Columbine Valley gets new leadership
For the first time in 16 years, Columbine Valley has a new town administrator.
JD McCrumb took the reins from Ann Jennings on July 1 after spending a month learning the ropes from her.
“One of the hard parts of following someone who’s been here for 16 years is losing that institutional knowledge,” he said. “There’s certainly a long learning curve. I’m poring through files and digging through drawers. I hired a part-time file clerk to help with that. Ann did not need to look it up, she just knew it. I don’t have that luxury.”
McCrumb has recently worked as data analyst for FEMA and campaign manager for Montana Republican William Bennett. Prior to that, he spent five years as the town of Parker’s special-projects manager, where he set up the Sister Cities program with Xinjin in China, wrote the emergency plan, developed the events center and more. He served as a steering committee co-chair for Leadership Douglas County, and spent nearly a year as the community relations and program coordinator for Historic Denver Inc.
He’s been on Town Hall Arts Center’s board since December, and is in the process of moving to Littleton with his wife, Briana, and baby daughter, McKenzie. He’s a native of the south-metro area, where his parents and two grandmothers still reside. A 1998 graduate of Arapahoe High School, he spent a lot of time on the drum line in marching band and a little time in theater. Then he was off to the Montana State University, where he started out majoring in architecture.
“But I found that both my passion and my skill set went more toward politics and government,” he said, so he ended up with a bachelor’s degree in political science. He’s currently working on his master’s thesis, a study of community volunteerism through the ages, through the University of Colorado at Denver.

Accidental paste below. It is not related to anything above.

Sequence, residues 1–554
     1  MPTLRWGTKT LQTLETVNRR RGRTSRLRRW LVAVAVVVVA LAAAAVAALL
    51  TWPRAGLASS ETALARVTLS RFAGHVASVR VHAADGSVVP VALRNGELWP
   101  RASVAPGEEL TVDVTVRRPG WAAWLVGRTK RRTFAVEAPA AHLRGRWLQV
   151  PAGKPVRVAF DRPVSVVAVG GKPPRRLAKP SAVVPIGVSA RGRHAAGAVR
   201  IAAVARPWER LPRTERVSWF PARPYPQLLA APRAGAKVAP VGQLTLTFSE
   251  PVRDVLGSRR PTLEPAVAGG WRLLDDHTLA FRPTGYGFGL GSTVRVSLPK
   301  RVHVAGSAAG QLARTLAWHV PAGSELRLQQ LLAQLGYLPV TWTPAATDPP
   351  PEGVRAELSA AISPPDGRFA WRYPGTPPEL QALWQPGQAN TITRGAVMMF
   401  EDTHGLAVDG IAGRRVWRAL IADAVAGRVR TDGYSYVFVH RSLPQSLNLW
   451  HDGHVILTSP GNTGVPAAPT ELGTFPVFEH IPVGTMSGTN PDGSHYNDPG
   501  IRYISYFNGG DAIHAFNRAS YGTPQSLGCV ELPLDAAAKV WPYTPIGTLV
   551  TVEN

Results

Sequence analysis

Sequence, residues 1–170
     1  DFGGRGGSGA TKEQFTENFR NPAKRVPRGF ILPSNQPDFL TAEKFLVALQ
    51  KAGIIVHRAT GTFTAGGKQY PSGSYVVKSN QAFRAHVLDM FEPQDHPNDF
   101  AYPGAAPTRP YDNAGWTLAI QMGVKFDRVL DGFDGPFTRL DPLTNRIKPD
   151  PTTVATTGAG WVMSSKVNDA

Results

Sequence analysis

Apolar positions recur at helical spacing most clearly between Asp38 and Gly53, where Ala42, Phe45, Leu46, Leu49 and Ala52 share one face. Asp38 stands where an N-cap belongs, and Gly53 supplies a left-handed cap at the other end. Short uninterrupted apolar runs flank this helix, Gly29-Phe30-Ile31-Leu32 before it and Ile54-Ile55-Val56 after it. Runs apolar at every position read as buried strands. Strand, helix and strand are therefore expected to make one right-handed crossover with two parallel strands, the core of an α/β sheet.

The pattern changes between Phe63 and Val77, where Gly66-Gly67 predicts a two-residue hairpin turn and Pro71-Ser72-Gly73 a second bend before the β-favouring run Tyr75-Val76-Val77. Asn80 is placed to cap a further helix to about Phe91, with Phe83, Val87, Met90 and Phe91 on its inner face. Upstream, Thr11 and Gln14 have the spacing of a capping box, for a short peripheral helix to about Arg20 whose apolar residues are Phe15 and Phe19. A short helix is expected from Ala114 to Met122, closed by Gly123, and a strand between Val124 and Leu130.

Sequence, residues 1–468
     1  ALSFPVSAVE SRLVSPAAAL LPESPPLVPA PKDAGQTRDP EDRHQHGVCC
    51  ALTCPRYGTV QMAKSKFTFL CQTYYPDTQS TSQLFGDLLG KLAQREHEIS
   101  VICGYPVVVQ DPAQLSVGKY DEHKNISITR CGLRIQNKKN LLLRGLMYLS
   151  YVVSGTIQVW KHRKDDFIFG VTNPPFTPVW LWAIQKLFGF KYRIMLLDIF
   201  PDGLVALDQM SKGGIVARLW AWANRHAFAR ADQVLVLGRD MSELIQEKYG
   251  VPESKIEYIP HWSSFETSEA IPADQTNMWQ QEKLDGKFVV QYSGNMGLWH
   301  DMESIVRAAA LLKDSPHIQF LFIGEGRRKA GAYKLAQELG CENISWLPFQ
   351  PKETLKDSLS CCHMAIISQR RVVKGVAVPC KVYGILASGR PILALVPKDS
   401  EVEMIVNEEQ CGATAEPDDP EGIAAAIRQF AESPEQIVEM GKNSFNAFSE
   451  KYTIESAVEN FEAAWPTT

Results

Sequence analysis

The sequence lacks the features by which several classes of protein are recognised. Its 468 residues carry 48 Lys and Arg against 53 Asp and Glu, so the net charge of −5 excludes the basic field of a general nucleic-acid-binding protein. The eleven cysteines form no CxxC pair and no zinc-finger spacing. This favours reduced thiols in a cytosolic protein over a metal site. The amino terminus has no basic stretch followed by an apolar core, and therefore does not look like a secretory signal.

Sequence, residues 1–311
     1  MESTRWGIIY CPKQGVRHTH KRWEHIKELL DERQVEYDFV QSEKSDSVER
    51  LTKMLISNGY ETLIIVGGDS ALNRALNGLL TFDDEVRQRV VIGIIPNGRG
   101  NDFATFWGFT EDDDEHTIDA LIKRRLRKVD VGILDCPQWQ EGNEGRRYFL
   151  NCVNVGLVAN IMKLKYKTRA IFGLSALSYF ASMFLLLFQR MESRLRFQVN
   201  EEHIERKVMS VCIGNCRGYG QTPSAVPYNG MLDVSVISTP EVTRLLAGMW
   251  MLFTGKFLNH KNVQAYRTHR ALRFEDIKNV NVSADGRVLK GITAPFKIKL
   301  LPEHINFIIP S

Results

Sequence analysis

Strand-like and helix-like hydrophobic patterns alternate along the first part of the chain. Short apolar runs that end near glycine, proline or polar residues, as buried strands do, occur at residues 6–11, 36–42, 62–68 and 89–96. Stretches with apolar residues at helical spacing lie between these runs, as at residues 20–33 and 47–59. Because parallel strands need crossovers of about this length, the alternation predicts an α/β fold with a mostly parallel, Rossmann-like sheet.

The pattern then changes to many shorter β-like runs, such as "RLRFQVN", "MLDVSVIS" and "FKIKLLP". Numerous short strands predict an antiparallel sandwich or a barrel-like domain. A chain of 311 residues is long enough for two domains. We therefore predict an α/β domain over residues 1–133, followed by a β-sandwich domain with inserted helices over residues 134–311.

“Bozeman wasn’t big enough, and it wasn’t active enough,” he said. “One Broadway show a year in the field house didn’t cut it for me, so I always knew I was coming home.”
McCrumb’s first order of business upon arriving in Columbine Valley was to meet with the board of trustees to see how he could help them achieve their goals. Out of those conversations, he says, it became apparent that improved communication with the citizens was a priority. He’s says he’ll reinvent both the town newsletter and website for increased access to information.
“My personal view is that I don’t really have a fear of giving people as much information as possible,” he said. “Most of it they’re legally entitled to, so why not just put it out there?”
Other than that, he said, it’s not his job to have a vision for the city or to take sides; it’s his job to help facilitate the board’s vision of the city.
“We have a lot of people here who have great expertise,” he said. “They don’t need handled or even motivated. They just need to be supported, and have those skills and goals aligned.”
He says he’s ready to take on future challenges, such as the likely upcoming election driven by citizens who are fighting the Willowcroft redevelopment. The deadline for the group to turn in petitions is Sept. 23. If there are enough signatures, it will be on the town’s April ballot — the first election McCrumb will oversee in his career.
Another issue looming is redevelopment of nearly a fourth of the town. The 106-acre Tuck property is being scoped out by developers, and McCrumb expects a proposal to be on the table sometime next year.
When they hired him, the trustees asked McCrumb to commit to staying on for three years, a promise he says won’t be hard to keep.
“My goal is not to be a city manager,” he said. “My goal is helping the trustees grow and achieve their potential for whatever they want in life. And the other part is, I live in this area. I don’t intend to move around every two or three years. And as long as there are things to do and positive change, I hope to be here.”
McCrumb looks forward to meeting all the residents and getting them involved.
“Everybody has something to offer,” he said. “We need people with different skills to fulfill certain roles. Find a niche and get in there and do it.”